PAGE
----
” The complaint in this action was filed August 17, 1978. The complaint alleges that plaintiff Renfroe developed adenocarcinoma of the cervix, and that plaintiff Smith developed squamous cell carcinoma of the cervix, as a result of their in utero exposure to certain drugs (hereinafter collectively referred to as DES) manufactured by the defendants. Plaintiffs have allegedly undergone surgery to remove the cancer. The complaint states claims against the defendants for negligence per se, negligence, breach of express and implied warranty, fraud and deceit, strict liability, and conspiracy to defraud and deceive. Plaintiffs each seek recovery for pain, for medical expenses, lost wages, and the loss of ability to bear children, as well as punitive damages. …
RENFROE v. ELI LILLY & CO., Leagle, decision/19821346541FSupp805_11230, June 30, 1982.
… Hence, it is evident that plaintiffs’ claims did not originate or arise at least until plaintiffs’ physical injuries reasonably could have been discovered. (This requirement in itself forecloses the plaintiffs’ theory of the time of accrual of their claims, because, as the facts discussed below make clear, the fact that plaintiffs would develop cancer as a result of their exposure to DES was not reasonably discoverable until long after their births.)
However, in a case such as this, it could be most unfair to hold that a claim accrues as soon as physical injury manifests itself, because the likely cause of the injury might be totally unknown at that time. Plaintiffs have alleged in their complaint that “in approximately 1972, medical science discovered that teenage girls whose mothers had taken defendants’ drugs, were developing [cancer] and that this condition was a direct result of their mothers having taken defendants’ drugs.” Complaint, Thus, women with in utero exposure to DES who developed cancer prior to “approximately 1972” would have had no reason at that time to believe that their injury had a legally actionable cause. The defendants apparently concede that accrual of a cause of action bears some relation to discovery of the cause of injury, because they concede that plaintiff Renfroe’s claims may have accrued as late as 1976, when plaintiff Renfroe formed the opinion that the cancer for which she had undergone surgery in 1971 had been caused by her exposure to DES.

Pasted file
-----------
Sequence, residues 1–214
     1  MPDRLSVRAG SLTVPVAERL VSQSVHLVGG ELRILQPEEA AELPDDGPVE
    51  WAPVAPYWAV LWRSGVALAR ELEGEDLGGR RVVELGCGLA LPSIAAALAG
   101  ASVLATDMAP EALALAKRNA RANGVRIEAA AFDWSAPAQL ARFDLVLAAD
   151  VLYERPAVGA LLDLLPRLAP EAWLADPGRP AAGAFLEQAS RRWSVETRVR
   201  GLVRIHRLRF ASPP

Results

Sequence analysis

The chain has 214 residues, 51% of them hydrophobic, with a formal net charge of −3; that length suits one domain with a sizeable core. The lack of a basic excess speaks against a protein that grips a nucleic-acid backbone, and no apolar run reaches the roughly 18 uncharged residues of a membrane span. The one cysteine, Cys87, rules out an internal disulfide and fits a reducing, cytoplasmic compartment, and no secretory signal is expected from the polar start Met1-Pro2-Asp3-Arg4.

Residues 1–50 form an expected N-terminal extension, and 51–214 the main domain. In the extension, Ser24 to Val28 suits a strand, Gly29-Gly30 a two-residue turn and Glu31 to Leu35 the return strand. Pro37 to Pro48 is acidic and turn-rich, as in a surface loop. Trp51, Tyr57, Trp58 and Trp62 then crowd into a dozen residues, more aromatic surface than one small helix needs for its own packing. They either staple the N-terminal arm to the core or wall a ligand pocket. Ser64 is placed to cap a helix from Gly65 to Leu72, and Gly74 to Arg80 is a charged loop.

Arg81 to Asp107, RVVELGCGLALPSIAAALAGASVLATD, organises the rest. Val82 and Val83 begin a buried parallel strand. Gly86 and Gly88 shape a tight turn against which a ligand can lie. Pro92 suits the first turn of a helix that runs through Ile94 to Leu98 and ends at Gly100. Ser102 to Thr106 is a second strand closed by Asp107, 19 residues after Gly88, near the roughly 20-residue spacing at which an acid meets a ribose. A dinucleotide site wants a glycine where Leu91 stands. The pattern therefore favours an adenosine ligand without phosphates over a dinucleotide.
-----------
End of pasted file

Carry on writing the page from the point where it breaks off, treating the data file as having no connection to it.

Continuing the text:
The Court’s research has not disclosed any Missouri case directly discussing this point. However, it may be inferred from Krug v. Sterling Drug, supra, that Missouri courts would not bar a cause of action for slowly developing injuries caused by a drug because the plaintiff learned too late the cause of her injuries, especially where plaintiff learned of that cause as soon as her doctor did. Moreover, in the analogous context of occupational disease cases brought under the Workmen’s Compensation Act, it has been held that the statute of limitations did not begin to run until the plaintiff was aware that he had a compensable disability in the sense of a disability caused by an occupational disease which resulted from his ordinary work activities. Myers v. Rival Manufacturing Co. …
… In accordance with all of the foregoing authorities, especially, of course, the Missouri cases, the Court believes that Missouri courts would hold that the present plaintiffs’ claims did not arise or accrue until
- the plaintiffs suffered reasonably discoverable injuries
- and the plaintiffs knewor, in the exercise of reasonable diligence should have known, whichever first occurred, that their injuries were caused by DES exposure.
Hence, their claims originated when (and where) the later of those two factors developed. ” …
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